This article concludes our series on what we believe to be the Top 3 Foreign Corrupt Practices Act (FCPA) cases in the first half of 2010. We have reviewed the facts surrounding each matter to come up with lessons that the FCPA compliance professional might use to assist putting forward a FCPA compliance ‘best practices’ program based upon the most recent information available. We previously explored the Gun Sting matter and (Ding Dong) Avon Calling and its China operations. Finally, we will review HP and its reported investigation for the alleged payments of bribes to secure a contract to sell computer hardware into Russia.

In April 2010 the Wall Street Journal (WSJ) reported that HP’s Germany subsidiary made payments, through agents, which eventually ended up in the hands of some unknown Russians, in order to obtain the contract to supply computers to the Russian Prosecutor’s Office. There was a complicated financing scheme used to route payments to offshore accounts which were beneficially owned or controlled by unnamed Russian officials. Suspected bribes were funneled through a network of shell companies and accounts in places including Britain, Austria, Switzerland, the British Virgin Islands, Belize, New Zealand, Latvia, Lithuania and the US states of Delaware and Wyoming. The bribes were paid through three German agents, who submitted fake invoices for fictional sales and then paid the money on as bribes to unnamed Russian governmental officials. In return, the suspected middlemen acting as agents, according to court documents allegedly received commissions totaling US$700,000,

German authorities reported the investigation, which started in 2007, when a German tax auditor discovered bank records showing that between 2004 and 2006, a HP subsidiary paid €22 million into the account of a small computer-hardware company in Leipzig. The records indicated the payments were made for services performed in Moscow. It was the size of the payment that caught the tax auditor’s attention and he red-flagged the matter for transfer to a special prosecution team, in Dresden, who handle major corruption cases.

The WSJ reported that at least one witness has said that the above transactions were internally approved by HP through its, then existing, contract approval process. In the April 15, 2010, WSJ article, Mr. Dieter Brunner, a bookkeeper who is a witness in the probe, said in an interview that he was surprised when, as a temporary employee of HP, he first saw an invoice from an agent in 2004. “It didn’t make sense,” because there was no apparent reason for HP to pay such big sums to accounts controlled by small-businesses, Mr. Brunner said. He then proceeded to say he processed the transactions anyway because he was the most junior employee handling the file, “I assumed the deal was OK, because senior officials also signed off on the paperwork”.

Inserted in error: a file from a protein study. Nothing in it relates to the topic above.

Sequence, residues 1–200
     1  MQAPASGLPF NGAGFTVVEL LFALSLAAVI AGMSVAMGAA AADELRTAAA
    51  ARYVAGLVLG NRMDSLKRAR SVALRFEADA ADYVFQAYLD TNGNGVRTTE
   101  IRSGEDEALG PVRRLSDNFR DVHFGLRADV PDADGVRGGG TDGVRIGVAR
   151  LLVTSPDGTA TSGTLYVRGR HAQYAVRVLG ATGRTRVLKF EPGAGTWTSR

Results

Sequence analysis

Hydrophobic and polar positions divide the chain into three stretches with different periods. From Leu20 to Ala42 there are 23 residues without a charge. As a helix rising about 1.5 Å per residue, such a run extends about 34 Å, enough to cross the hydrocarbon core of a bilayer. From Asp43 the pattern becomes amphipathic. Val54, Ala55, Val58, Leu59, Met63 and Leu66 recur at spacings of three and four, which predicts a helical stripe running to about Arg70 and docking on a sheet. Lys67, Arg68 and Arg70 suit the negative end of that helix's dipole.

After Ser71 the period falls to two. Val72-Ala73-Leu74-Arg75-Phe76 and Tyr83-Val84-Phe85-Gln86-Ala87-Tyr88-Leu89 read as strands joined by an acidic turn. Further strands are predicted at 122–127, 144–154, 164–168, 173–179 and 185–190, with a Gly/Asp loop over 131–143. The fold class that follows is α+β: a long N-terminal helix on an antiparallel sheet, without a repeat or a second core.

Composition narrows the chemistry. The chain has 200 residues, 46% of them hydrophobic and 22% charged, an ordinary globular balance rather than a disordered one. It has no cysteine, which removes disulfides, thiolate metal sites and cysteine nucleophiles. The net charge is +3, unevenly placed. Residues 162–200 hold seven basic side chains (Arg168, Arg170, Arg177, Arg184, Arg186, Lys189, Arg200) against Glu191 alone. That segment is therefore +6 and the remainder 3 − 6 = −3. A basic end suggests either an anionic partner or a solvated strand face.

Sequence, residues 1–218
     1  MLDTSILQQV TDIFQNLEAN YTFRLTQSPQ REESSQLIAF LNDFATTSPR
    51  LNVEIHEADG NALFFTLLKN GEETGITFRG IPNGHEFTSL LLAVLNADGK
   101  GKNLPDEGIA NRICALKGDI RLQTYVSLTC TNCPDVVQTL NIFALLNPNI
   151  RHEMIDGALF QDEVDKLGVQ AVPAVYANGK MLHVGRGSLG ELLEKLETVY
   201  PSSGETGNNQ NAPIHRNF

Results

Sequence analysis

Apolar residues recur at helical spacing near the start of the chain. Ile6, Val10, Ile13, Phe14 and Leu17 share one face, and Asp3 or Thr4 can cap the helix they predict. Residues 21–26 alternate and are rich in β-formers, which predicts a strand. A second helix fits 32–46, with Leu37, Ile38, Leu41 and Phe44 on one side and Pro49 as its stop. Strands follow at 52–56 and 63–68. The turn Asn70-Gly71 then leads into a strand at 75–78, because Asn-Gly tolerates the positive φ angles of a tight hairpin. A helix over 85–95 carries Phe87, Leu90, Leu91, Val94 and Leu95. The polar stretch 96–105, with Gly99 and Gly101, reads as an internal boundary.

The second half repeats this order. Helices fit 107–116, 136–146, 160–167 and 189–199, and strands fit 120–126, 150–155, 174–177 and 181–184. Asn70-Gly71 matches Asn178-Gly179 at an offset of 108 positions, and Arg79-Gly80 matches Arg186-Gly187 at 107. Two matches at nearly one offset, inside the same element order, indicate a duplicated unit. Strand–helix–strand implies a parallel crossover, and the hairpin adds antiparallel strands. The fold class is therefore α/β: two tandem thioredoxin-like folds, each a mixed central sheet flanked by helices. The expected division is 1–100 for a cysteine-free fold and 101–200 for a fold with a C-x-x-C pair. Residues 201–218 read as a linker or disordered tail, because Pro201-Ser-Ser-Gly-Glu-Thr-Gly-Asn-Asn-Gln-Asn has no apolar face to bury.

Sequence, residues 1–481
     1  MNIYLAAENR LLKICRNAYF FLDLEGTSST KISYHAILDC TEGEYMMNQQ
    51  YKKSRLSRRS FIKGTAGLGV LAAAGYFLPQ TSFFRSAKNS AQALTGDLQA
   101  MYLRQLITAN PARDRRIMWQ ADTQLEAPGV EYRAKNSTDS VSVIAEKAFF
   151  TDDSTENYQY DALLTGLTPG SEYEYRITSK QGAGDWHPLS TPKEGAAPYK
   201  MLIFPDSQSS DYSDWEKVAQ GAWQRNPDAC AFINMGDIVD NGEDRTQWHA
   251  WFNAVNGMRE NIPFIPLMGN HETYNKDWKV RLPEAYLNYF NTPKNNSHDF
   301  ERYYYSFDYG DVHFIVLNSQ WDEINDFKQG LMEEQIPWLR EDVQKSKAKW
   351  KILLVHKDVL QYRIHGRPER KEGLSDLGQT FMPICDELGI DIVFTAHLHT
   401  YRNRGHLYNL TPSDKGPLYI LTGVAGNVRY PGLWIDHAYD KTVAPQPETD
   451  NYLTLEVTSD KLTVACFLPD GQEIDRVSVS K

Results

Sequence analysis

Just how many Red Flags are raised by the above?

  • Offshore Companies

One of the main tactics utilized to disguise a principal who receives a bribe is to send the money through offshore companies, usually located in ‘exotic’ locations, not related to the situs of the transaction to conceal beneficial ownership and/or to take advantage of weak disclosure requirements. Any monies paid by HP to an agent, which were then sent to an offshore company or banks in a location completely unrelated to the transaction, should have been Red-Flagged for further inquiry.

  • Small Sized Agents

As noted, by the temporary HP employee Dieter Brunner, one of the facts that “didn’t make sense” was a large payment to a small-sized business, indeed even a one-man business. One of the Red Flags that arises during due diligence on business partners is the size of the company in relationship to the work or services it performs. If a one-man company is receiving a multi-million dollar (or Euro) payment, it should be Red-Flagged for further inquiry.